‘Wicked Saints’ by Emily A. Duncan/A Review

‘Wicked Saints’ by Emily A. Duncan
Publisher: Wednesday Books
Length: 384 pages
Genre: YA Fantasy
Book 1 of 3
Release Date: April 2, 2019

Synopsis (from Goodreads):

A girl who can speak to gods must save her people without destroying herself.
A prince in danger must decide who to trust.
A boy with a monstrous secret waits in the wings.
Together, they must assassinate the king and stop the war.

In a centuries-long war where beauty and brutality meet, their three paths entwine in a shadowy world of spilled blood and mysterious saints, where a forbidden romance threatens to tip the scales between dark and light. Wicked Saints is the thrilling start to Emily A. Duncan’s devastatingly Gothic Something Dark and Holy trilogy.

My Thoughts:

I received Wicked Saints through OwlCrate several months ago, but haven’t gotten to reading it until very recently. Since it was Spookathon last week, I made it a point to read this book, since it’s a very appropriate, dark setting!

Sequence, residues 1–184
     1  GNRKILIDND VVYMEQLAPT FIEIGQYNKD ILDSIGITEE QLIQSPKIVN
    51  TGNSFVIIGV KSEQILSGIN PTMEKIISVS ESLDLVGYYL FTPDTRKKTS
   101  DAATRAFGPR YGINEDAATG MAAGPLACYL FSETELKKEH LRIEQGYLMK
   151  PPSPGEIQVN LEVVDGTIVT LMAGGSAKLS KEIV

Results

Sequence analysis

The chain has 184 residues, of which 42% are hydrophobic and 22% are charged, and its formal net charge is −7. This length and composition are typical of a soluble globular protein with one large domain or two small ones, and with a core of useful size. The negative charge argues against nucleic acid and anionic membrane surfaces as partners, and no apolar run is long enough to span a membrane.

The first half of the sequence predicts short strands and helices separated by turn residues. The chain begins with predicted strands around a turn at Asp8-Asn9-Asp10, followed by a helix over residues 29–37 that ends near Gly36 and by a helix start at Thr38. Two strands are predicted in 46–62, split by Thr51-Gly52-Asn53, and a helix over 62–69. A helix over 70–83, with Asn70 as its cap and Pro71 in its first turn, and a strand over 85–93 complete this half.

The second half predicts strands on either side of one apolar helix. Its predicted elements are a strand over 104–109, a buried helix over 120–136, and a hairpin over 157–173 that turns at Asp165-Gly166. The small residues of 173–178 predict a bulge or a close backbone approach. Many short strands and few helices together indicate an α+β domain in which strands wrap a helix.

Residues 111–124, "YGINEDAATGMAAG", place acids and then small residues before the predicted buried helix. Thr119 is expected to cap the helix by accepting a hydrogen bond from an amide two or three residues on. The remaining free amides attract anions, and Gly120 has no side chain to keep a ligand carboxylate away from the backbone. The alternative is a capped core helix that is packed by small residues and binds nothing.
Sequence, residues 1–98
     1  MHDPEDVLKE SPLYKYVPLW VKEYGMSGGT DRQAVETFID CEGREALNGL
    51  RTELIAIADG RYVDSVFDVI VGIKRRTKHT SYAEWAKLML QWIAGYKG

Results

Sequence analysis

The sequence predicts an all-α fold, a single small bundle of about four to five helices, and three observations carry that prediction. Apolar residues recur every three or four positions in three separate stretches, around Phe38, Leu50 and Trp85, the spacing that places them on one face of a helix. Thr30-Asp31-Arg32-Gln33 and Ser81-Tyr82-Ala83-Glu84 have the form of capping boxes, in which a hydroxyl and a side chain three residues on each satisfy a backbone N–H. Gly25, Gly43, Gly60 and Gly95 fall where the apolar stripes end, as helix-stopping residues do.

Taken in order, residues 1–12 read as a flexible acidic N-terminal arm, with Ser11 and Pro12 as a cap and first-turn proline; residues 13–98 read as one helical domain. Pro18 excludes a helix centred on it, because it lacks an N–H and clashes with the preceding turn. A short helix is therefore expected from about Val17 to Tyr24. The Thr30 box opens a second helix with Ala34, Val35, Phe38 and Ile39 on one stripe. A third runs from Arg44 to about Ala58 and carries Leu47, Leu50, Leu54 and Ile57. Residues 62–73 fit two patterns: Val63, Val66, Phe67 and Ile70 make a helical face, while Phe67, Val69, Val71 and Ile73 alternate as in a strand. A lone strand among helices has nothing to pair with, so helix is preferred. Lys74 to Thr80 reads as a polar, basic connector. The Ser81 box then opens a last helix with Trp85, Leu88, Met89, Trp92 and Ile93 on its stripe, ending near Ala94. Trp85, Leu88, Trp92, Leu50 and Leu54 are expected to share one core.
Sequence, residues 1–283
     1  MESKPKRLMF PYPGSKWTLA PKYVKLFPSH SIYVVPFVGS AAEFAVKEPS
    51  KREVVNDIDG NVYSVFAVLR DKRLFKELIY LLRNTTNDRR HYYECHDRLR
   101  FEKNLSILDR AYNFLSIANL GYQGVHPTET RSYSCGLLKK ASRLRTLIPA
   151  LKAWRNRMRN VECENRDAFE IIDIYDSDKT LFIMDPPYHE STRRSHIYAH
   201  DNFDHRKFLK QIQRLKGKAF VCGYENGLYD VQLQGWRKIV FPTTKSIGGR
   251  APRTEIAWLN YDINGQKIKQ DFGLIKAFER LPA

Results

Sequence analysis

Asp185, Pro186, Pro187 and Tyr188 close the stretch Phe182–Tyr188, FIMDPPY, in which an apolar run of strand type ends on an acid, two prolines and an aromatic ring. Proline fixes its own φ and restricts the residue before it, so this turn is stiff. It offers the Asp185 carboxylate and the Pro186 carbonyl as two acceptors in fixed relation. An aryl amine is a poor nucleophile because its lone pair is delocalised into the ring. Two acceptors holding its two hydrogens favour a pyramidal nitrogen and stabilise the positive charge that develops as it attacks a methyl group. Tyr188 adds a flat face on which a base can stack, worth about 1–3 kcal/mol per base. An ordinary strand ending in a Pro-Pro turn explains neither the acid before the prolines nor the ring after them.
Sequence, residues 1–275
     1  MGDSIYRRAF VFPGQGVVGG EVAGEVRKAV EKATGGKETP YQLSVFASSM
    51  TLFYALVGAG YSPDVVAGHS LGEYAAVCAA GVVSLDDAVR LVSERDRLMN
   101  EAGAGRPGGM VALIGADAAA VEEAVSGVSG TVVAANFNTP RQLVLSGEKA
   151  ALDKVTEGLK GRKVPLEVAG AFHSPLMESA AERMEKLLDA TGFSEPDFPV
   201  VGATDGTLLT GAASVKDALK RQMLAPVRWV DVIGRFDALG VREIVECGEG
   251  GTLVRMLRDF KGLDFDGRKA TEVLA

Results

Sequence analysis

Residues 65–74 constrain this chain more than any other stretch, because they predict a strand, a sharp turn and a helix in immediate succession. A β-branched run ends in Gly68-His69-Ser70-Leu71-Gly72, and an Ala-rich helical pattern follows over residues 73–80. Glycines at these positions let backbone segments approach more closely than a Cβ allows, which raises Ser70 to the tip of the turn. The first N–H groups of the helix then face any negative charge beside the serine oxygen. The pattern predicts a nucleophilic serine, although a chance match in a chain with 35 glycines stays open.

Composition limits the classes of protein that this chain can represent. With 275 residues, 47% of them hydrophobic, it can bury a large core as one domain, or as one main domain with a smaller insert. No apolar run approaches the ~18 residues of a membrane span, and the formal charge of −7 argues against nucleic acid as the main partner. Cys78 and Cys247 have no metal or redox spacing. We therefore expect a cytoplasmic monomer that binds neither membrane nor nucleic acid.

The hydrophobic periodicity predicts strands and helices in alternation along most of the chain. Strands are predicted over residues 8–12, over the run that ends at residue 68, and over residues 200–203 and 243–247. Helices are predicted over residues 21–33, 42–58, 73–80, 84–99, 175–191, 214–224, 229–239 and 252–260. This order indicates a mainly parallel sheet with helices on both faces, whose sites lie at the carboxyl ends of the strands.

‘Wicked Saints’ is Emily A. Duncan’s debut novel, the first installment in the ‘Something Dark and Holy’ trilogy. It centers around a young Kalyazi cleric named Nadya, gifted with the power to communicate with the gods in order to wield powerful magic. The story opens with Nadya’s monastery getting attacked and destroyed by the Tranavian army, the unfortunate consequence of a war waging for a century between the two nations. This leaves Nadya on a mission to defeat the King of Tranavia and overthrow his empire. Along the way she meets Malachiasz, a blood mage who holds his own secret agenda, and represents everything Nadya stands against. Despite their tumultuous (and at times fiery) chemistry, they devise a plot to gain access into the Tranavian empire, whose High Prince Serefin is swept into a complicated political game that’s equally entertaining and devious.